A case of TBI

Labs and Lytes 021

Author: Emily Harman
Reviewers: Sarah Yong, Chris Nickson

A 48 year-old woman was found next to a car after a low-speed crash. Initial examination findings at the scene were GCS 9, localising to pain, with an open occipital wound. She was BIBA and intubated in ED (best motor score prior to intubation was M5).

She had a CT brain, as shown:

L&L CTB 20150517

Q1. Describe findings shown in the CT brain image above.

The most striking findings are multifocal left frontotemporal intracranial haemorrhages, midline shift and small ventricles suggesting raised intracranial pressure (ICP)

Multiple areas of bleeding are present, including:

  • Subdural haemorrhage in the left frontotemporal region (5mm thickness)
  • Extradural haematoma in the left parietal region (up to 10mm thick)
  • Subarachnoid blood in the left Sylvian fissure, and over the tentorium bilaterally (may be extension of SDH).

There is midline shift to the right hand side (up to 10mm). Ventricles appear small, suggesting a “tight” brain with raised intracranial pressure. There are scalp swellings consistent with haematomas bilaterally. There is air in the bone in the left parietal region, which may be the result of a nearby fracture given the clinical history.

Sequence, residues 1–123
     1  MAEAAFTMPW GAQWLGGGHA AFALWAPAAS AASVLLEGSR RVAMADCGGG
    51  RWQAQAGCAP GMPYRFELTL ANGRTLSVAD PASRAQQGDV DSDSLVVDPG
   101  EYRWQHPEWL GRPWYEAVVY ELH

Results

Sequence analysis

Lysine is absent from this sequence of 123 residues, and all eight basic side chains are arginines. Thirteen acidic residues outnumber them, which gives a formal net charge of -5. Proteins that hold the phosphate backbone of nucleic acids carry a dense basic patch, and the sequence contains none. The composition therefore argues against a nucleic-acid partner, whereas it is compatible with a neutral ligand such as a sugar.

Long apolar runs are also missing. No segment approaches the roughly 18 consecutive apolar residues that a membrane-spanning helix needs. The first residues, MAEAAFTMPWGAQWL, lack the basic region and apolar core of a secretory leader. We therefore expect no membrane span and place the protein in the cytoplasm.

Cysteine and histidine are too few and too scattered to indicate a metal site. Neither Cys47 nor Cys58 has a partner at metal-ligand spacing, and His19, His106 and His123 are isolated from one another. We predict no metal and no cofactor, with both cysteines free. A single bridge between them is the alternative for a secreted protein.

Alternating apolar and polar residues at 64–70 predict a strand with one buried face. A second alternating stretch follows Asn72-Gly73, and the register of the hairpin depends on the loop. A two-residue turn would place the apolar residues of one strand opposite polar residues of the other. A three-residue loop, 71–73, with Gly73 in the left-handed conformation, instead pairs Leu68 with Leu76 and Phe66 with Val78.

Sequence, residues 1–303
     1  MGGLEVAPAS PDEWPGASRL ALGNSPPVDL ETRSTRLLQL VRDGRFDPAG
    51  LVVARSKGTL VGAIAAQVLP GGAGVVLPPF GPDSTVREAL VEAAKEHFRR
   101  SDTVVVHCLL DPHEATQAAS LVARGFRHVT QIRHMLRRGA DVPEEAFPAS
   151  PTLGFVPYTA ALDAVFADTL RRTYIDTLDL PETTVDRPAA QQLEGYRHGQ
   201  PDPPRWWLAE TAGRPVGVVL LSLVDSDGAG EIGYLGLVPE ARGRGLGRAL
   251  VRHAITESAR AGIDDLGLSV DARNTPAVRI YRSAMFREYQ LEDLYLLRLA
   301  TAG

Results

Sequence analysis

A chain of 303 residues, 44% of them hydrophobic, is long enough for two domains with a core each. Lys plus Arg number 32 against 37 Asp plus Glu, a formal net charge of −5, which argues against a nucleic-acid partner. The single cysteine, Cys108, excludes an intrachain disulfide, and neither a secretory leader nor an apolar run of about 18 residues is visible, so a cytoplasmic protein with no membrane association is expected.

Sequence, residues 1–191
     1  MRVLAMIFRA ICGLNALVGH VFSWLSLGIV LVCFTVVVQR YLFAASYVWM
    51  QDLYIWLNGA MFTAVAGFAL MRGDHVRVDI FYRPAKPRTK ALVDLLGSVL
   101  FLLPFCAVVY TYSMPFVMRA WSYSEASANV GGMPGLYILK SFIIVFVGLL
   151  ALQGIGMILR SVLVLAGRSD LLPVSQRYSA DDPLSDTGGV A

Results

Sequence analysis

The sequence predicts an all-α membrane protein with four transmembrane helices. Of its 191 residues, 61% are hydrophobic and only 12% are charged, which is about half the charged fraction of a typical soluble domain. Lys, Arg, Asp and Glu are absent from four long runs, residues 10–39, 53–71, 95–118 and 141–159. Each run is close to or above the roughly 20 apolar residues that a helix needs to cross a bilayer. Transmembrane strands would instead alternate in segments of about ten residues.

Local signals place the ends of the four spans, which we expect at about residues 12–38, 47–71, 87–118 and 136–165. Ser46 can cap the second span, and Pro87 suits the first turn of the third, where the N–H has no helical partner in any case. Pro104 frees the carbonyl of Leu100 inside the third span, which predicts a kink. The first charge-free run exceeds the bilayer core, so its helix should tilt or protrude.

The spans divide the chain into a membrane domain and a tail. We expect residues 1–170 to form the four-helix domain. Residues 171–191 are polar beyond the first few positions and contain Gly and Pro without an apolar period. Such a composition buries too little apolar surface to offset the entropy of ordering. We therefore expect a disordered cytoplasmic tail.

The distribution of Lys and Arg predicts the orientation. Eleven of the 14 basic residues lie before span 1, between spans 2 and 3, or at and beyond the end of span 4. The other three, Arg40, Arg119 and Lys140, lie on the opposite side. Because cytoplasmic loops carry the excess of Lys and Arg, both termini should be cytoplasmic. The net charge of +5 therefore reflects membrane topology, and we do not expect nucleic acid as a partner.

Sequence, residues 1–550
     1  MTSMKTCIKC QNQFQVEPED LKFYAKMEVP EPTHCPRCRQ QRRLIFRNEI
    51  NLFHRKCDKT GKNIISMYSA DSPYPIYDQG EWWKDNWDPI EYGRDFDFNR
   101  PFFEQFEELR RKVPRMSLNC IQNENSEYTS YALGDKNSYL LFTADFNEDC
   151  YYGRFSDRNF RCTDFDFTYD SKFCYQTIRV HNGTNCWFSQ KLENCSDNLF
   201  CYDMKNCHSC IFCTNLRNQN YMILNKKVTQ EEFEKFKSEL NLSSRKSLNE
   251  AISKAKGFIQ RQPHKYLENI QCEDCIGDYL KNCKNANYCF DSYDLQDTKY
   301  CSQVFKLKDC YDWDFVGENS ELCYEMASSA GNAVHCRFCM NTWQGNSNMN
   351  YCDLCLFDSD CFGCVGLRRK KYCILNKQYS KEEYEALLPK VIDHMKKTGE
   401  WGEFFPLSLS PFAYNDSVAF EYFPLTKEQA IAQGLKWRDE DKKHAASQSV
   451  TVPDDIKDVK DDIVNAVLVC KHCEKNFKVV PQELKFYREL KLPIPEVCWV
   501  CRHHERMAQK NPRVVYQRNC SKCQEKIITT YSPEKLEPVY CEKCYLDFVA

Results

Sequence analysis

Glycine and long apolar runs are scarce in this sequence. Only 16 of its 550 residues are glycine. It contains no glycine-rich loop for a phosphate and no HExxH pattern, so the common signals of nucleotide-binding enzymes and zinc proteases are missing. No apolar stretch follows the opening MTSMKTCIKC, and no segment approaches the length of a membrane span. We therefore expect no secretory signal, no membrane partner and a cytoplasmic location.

Q2. An arterial blood gas is obtained, as shown below. Interpret the findings and their significance for the management of her traumatic brain injury (TBI).

FiO2 0.45
pH 7.52
pCO2 36 mmHg
pO2 61 mmHg
Base excess 6
HCO3- 29 mmol/L
Na+ 146 mmol/L
K+ 4.4 mmol/L
Cl 110 mmol/L
Glucose 6.7 mmol/L
Lactate 1.0 mmol/L

This gas shows an increased A-a gradient, as the PaO2 is only 61 at FiO2 0.45 (an estimate of the expected PaO2 = 500 x FiO2 = 225 in this case). This may be due to aspiration due to low GCS, pulmonary oedema as consequence of TBI or its management, collapse or pneumonia.

There is an alkalaemia, which is a mixed respiratory and metabolic alkalosis as evidenced by a relatively low pCO2 and raised base excess and HCO3 respectively. In this case, her minute ventilation is most likely being controlled on the ventilator to target a low-normal pCO2 (35 – 40 mmHg) for ICP control, as per Brain Trauma Foundation guidelines. The metabolic alkalosis is most likely secondary to frusemide use.

There is elevated Na and Cl, suggesting the patient has received a large NaCl load. In the setting of TBI management this is likely due to hypertonic saline use, and the serum Na could be increased further to 150 acutely if needed for ICP control. At The Alfred ICU, boluses of 10-20mL 23.4% saline is used for this purpose, via a central line. Renal function and evolving hyperchloraemic metabolic acidosis would need to be monitored with the rising Cl levels.

Glucose is normal and needs to be controlled to prevent secondary cerebral injury. We typically target a blood glucose of 6 to 10 mmol/L. Lactate is normal.

Q3. Describe and interpret the findings shown on the monitor below.

A case of TBI monitor